Before your first well read stories you published fanzines, worked cleaning toilets and in tannery, sold LSD and had a job a office for a subcontractor of a gas board. Do you miss being young and anonymous? How were those times?
While I greatly enjoyed being young, with all the energy and physical capability that youth implies, I am also greatly enjoying being old and having access to all of the different energies, and to all of the emotional and intellectual capability that age implies. As for anonymity, that’s perhaps a more difficult question to answer honestly. Yes, sometimes I do find myself wishing that I could just go about my business in Northampton without attracting so much attention, but on the other hand that attention, here in my home town, is generally well-intentioned, low key, respectful, and seems as uncomfortable with the idea of celebrity as am I myself. Celebrity on a larger scale is something that I don’t want anything to do with, and nine times out of ten can successfully ignore or refuse to engage with. Of course, my only reason for pursuing the work that I do is the hope that my work, and therefore my ideas, can reach and affect as wide an audience as is humanly possible. Logically, I have to accept that this also means that my name and my reputation will be reaching a similarly-sized audience, and that there is a certain contradiction in wanting one of these outcomes without being prepared to accept the other. Thus the best course of action seems to be to try to minimise the impact of my personal celebrity as much as possible – for my own good, and for the good of everyone involved – while making the most of the potential audience to which this celebrity grants me access. Most of the time, I feel I do a pretty decent job of handling this, but that is probably a matter that other people can judge more accurately than I can.

What have led you to create V for Vendetta? What were the influences and ideas passing in your mind at that time?
I’m afraid that for a few years now, I have felt that since I am apparently not allowed to own the work that I created in the same manner that an author in a more grown-up and worthwhile field might expect to do, and since my protests at having my work stolen from me are interpreted by a surely young-at-heart and non-unionised audience as evidence of my “grouchiness” and “cantankerousness”, then the only active position that is left to me is to disown the works in question. I no longer own copies of these books and, other than the earnest creative work that I put into them at the time, my only associations with these works are broken friendships, perfectly ordinary corporate betrayals and wasted effort. Given that I will certainly never be reading any of these works again and that I have no wish to see them or even to think of them, it follows that I don’t wish to discuss them, sign copies of them or, indeed, have anything to do with them. As I would hope should be obvious, to separate emotionally from work that you were previously very proud of is quite a painful experience and is not undertaken lightly. However, having to answer questions about my opinions regarding DC Comics latest imbecilic use of my characters or stories would be much more harrowing. And, of course, it’s not as if I don’t have plenty of current work to be getting on with.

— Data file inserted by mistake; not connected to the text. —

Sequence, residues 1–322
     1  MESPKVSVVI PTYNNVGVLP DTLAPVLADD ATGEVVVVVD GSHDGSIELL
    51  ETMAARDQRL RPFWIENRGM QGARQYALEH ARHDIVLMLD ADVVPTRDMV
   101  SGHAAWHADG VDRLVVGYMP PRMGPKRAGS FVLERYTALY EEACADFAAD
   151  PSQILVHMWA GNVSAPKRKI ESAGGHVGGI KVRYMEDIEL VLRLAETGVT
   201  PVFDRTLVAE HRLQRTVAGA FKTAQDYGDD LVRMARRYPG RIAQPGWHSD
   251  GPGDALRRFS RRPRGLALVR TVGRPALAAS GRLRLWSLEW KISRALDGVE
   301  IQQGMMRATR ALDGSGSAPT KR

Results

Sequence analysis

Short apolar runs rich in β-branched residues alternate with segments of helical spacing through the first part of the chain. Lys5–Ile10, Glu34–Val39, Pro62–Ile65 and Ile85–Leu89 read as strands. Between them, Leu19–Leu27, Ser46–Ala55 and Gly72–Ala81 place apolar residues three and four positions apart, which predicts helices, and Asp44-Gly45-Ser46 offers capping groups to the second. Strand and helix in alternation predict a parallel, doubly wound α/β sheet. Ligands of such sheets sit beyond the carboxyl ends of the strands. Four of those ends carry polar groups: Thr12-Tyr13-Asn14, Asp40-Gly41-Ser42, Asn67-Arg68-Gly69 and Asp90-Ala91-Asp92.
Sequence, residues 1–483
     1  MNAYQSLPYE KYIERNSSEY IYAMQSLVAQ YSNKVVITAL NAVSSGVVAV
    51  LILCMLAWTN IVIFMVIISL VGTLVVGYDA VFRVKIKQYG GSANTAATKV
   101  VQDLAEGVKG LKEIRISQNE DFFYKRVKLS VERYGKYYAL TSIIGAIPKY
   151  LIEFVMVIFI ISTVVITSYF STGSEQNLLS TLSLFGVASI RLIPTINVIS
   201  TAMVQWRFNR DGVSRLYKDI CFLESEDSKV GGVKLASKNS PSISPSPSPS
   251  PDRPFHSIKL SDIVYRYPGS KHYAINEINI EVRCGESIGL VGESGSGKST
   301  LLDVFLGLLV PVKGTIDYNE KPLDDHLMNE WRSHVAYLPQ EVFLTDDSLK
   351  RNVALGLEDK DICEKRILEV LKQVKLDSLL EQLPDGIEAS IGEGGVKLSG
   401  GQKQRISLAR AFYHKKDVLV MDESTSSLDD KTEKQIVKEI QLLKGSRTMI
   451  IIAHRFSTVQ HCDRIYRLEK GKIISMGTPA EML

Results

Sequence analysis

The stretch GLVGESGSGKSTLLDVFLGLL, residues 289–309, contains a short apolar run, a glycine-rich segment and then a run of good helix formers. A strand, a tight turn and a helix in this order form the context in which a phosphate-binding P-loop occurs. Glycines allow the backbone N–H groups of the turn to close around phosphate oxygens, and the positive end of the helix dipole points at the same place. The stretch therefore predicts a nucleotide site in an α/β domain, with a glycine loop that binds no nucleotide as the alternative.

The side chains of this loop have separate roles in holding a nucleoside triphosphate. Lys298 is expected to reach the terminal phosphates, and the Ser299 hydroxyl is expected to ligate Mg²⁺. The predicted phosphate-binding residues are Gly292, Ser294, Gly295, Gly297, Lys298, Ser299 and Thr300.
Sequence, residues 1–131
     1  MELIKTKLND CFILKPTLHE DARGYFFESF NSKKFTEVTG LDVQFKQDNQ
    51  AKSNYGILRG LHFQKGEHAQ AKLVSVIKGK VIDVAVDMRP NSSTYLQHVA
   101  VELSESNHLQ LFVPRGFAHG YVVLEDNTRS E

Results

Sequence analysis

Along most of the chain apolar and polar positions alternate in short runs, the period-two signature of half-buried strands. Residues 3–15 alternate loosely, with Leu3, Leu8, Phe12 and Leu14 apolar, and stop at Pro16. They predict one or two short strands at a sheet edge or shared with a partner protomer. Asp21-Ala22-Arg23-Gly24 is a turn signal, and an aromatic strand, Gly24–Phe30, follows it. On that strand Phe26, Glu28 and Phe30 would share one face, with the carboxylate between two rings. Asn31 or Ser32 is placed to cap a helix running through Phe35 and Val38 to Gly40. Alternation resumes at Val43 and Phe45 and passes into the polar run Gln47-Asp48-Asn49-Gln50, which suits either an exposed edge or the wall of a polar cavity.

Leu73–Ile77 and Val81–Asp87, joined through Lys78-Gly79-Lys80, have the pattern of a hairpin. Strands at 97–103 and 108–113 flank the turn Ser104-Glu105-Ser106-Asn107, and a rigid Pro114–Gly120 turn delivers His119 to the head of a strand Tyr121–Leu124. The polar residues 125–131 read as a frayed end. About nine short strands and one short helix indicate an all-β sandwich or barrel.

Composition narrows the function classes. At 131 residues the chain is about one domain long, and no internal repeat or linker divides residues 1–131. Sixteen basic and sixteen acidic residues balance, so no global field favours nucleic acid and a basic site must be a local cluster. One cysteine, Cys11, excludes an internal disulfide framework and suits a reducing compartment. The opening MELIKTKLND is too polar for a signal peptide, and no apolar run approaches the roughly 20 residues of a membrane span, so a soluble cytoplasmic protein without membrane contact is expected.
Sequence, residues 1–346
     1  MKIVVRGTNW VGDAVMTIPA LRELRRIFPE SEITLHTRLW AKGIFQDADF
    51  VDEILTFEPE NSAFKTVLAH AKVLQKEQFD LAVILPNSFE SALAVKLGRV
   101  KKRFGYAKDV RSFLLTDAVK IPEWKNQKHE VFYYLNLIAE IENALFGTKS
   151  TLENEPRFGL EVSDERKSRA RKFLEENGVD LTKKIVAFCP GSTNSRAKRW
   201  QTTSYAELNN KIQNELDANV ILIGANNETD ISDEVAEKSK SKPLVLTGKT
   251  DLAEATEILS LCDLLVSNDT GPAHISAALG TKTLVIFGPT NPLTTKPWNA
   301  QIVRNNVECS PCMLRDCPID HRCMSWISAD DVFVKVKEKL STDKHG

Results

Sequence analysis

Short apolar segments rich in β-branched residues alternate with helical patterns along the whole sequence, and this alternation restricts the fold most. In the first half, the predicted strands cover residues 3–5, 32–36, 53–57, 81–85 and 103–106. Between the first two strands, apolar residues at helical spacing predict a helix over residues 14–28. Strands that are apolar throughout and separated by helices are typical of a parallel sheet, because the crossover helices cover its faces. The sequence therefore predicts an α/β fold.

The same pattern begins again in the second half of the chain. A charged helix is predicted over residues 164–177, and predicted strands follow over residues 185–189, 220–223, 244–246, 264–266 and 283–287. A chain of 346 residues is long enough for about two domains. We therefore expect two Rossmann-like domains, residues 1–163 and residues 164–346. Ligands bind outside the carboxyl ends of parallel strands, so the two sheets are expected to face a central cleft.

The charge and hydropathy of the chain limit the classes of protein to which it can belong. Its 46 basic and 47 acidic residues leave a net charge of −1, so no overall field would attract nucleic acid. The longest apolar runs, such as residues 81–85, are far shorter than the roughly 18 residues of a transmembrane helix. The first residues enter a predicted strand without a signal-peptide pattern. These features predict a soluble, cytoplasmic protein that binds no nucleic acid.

What was the impact of popular heroes comic books in our culture? Why are people fascinated by alternative realities?
I think the impact of superheroes on popular culture is both tremendously embarrassing and not a little worrying. While these characters were originally perfectly suited to stimulating the imaginations of their twelve or thirteen year-old audience, today’s franchised übermenschen, aimed at a supposedly adult audience, seem to be serving some kind of different function, and fulfilling different needs. Primarily, mass-market superhero movies seem to be abetting an audience who do not wish to relinquish their grip on (a) their relatively reassuring childhoods, or (b) the relatively reassuring 20th century. The continuing popularity of these movies to me suggests some kind of deliberate, self-imposed state of emotional arrest, combined with an numbing condition of cultural stasis that can be witnessed in comics, movies, popular music and, indeed, right across the cultural spectrum. The superheroes themselves – largely written and drawn by creators who have never stood up for their own rights against the companies that employ them, much less the rights of a Jack Kirby or Jerry Siegel or Joe Schuster – would seem to be largely employed as cowardice compensators, perhaps a bit like the handgun on the nightstand. I would also remark that save for a smattering of non-white characters (and non-white creators) these books and these iconic characters are still very much white supremacist dreams of the master race. In fact, I think that a good argument can be made for D.W. Griffith’s Birth of a Nation as the first American superhero movie, and the point of origin for all those capes and masks.